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The Penguin Jazz Guide: The History of the Music in the 1001 Best Albums
The Penguin Jazz Guide: The History of the Music in the 1001 Best Albums
by Brian Morton
Edition: Paperback
Price: £19.99

1 of 1 people found the following review helpful
2.0 out of 5 stars The omission of the Keith Jarrett trio is appalling: here are some recommendations!, 13 Oct. 2015
A notable all-but omitted great jazz musician is Keith Jarrett, and specifically his trio work from the early 1980s to around about now, with Jack DeJohnette and Gary Peacock. If music can be judged in part by its ability to grab your attention, telling you that it CANNOT be played as "background", to make your skin tingle with just how perfect something can be, Jarrett's trio playing is by far and away the best of the lot. (Only Miles Davis comes close!) A simpler measure is to ask: how many jazz trios could sell two-thousand seat auditoriums at prices that seem to average $100 per seat. The KJ trio did this all the time during the 80s, 90s, 00s and into the 10s. As a start, I'd recommend the Blue Note box set, or Still Live, or Standards I and II. There are many more.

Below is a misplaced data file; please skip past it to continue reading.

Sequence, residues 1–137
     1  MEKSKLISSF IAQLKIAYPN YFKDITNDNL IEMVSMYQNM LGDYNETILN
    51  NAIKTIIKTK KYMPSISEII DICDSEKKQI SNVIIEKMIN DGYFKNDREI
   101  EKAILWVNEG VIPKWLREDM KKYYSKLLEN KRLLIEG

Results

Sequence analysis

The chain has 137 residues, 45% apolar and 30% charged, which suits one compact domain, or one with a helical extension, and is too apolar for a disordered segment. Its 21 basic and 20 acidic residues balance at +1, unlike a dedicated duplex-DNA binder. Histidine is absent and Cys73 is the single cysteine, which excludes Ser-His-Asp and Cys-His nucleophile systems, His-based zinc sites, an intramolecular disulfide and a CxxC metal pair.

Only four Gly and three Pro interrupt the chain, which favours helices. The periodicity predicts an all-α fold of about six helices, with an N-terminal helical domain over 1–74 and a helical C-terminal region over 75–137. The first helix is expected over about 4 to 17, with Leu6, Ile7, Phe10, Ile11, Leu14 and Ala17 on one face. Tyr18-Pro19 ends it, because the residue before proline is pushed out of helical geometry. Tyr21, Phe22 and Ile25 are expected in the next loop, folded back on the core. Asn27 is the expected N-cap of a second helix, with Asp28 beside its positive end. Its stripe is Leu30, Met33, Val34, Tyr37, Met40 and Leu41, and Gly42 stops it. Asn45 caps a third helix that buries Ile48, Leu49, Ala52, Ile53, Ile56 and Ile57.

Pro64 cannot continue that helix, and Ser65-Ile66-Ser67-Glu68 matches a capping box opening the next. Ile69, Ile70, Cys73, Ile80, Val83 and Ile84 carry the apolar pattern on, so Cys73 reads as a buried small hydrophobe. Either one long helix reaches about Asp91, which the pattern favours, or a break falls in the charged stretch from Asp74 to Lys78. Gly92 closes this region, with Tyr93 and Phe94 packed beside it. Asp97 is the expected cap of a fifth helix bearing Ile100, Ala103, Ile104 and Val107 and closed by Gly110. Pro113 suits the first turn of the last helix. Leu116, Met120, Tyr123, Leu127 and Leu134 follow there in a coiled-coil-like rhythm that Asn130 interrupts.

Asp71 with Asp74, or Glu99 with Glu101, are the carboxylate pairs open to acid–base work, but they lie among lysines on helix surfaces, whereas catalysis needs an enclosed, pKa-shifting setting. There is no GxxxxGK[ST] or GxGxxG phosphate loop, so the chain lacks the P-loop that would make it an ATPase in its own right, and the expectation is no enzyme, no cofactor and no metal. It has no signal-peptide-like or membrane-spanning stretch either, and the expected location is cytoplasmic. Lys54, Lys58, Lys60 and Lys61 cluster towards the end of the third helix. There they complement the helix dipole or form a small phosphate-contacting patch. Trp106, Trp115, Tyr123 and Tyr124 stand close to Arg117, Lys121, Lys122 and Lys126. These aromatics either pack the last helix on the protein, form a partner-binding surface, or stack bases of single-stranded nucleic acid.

The Absence
The Absence
Offered by mrtopseller
Price: £4.95

19 of 21 people found the following review helpful
2.0 out of 5 stars Don't buy the special CD+DVD version!!, 9 July 2012
Verified Purchase(What is this?)
This review is from: The Absence (Audio CD)
There are some lovely songs on the Absence but they are less meaty, less visceral than those on her first two albums. But the thing that REALLY annoyed me was the DVD. Only one of the tracks is an actual video recording, and that's the "making of La Vie en Rose"! The other tracks show only a title on the screen! So we don't even get to see her in performance. This is pretty close to false advertizing and disengenuous packaging. And it's bizarre, too, because there are so many good videos of Ms Gardot on YouTube (e.g., the Apple Studio sessions, the recordings of the Somewhere Over the Rainbow in Norway? Denmark?) If the producers were short of video material, why not put these YouTube recordings on the DVD! And finally: the choice of the cover suggests that Miss Gardot is being bullied by her producers. It's time to talk to Nellie MacKay and maybe form your own label, Melody!


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